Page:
•  Garrett Hardin, University of California at Santa Barbara: Hardin argues for the sterilization of blacks and lower classes.
•  Richard Lynn, professor emeritus of the University of Ulster: He calls for the phasing out of inferior cultures.
•  Arthur Jensen of the University of California at Berkeley: He believes social spending on blacks is a waste of money because their problems stem from genetic inferiority.

It is true that racist motives on the part of one organization cannot be proved by the fact that it keeps company with, or receives money from, another demonstrably racist organization. On the other hand, it is important to note that the CIR has received three grants from the openly racist Pioneer Fund. Surely this tells us a lot about the underlying racial agenda of CIR.

Of course, CIR is free to represent any group or individual that it chooses. But CIR's racial sympathies are further confirmed when one notes that it provided legal help to Professor Michael Levin in his dispute with his university, CCNY. Levin is an infamous advocate of the biological inferiority of black people and the reintroduction of the chain gang for black prisoners. A Michigan college professor who has monitored the activities of academic racists for many years reports that the CIR provided legal help to Levin in connection with his advocacy of the segregation of young blacks in guarded subway cars. Levin is also a grantee of the white supremacist Pioneer Fund.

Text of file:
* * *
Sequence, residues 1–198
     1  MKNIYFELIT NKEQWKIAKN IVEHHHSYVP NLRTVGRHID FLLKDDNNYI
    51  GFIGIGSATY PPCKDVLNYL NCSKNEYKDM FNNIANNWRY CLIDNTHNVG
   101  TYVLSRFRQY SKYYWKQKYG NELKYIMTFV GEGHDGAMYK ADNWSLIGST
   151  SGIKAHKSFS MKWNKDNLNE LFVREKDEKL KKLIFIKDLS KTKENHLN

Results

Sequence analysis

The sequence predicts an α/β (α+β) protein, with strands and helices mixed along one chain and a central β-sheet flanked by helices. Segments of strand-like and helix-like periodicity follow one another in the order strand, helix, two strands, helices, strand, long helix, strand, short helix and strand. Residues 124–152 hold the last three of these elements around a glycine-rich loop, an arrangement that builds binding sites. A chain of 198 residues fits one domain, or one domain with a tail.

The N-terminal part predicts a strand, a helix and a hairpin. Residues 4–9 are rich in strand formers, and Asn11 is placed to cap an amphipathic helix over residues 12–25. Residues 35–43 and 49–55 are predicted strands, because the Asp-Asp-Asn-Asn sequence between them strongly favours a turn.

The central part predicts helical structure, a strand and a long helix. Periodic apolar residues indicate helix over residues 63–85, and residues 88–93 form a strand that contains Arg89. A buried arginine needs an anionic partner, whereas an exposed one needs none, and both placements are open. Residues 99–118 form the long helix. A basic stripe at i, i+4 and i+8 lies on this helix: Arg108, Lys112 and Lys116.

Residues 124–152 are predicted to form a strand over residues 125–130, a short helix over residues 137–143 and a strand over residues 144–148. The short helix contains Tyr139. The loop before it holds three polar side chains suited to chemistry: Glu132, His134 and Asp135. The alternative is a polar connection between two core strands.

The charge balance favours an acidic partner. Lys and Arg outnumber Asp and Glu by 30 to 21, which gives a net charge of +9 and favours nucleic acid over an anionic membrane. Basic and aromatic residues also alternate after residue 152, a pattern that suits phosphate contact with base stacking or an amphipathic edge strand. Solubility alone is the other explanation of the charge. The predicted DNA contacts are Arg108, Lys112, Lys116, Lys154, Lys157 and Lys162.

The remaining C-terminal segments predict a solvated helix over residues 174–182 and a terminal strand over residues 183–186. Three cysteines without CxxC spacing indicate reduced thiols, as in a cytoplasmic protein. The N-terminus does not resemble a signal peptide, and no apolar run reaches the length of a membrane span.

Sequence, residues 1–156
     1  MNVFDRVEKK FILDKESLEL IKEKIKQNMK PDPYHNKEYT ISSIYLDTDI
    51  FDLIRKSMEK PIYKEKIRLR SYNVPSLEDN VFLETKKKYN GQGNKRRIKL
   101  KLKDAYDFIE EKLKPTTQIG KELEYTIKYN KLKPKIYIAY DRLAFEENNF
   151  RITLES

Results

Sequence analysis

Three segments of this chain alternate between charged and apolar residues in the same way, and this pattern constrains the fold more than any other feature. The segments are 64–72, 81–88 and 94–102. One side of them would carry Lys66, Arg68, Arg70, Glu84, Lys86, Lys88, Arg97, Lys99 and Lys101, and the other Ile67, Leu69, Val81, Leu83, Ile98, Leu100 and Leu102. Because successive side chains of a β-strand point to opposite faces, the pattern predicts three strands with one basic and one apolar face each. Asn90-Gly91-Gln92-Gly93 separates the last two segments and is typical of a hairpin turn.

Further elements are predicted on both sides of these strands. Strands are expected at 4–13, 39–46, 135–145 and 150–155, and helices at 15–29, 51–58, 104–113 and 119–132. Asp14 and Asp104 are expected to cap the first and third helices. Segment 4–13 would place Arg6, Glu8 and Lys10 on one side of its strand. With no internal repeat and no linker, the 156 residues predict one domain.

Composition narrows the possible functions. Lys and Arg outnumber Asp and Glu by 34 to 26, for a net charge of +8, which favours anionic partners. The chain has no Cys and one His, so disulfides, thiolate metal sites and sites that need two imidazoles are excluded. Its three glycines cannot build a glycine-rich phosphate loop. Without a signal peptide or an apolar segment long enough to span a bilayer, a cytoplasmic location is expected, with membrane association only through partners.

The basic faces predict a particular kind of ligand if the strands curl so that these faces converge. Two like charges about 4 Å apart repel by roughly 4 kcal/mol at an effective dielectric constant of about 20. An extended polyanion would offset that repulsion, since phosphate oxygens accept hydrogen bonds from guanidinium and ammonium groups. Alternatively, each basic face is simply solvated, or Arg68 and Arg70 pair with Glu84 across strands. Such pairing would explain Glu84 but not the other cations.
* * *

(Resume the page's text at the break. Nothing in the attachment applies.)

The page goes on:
Other donors to the CIR are the standard hard-line racial conservatives: The Bradley Foundation, the Carthage Foundation, the American Standard Foundation, the John M. Olin Foundation, the Randolph Foundation, and the Scaife Family Foundation. These foundations have a long history of pursuing repressive racial agendas. And when they send money they are accustomed to getting their money's worth.

Major Law Firms Supporting the Objectives of CIR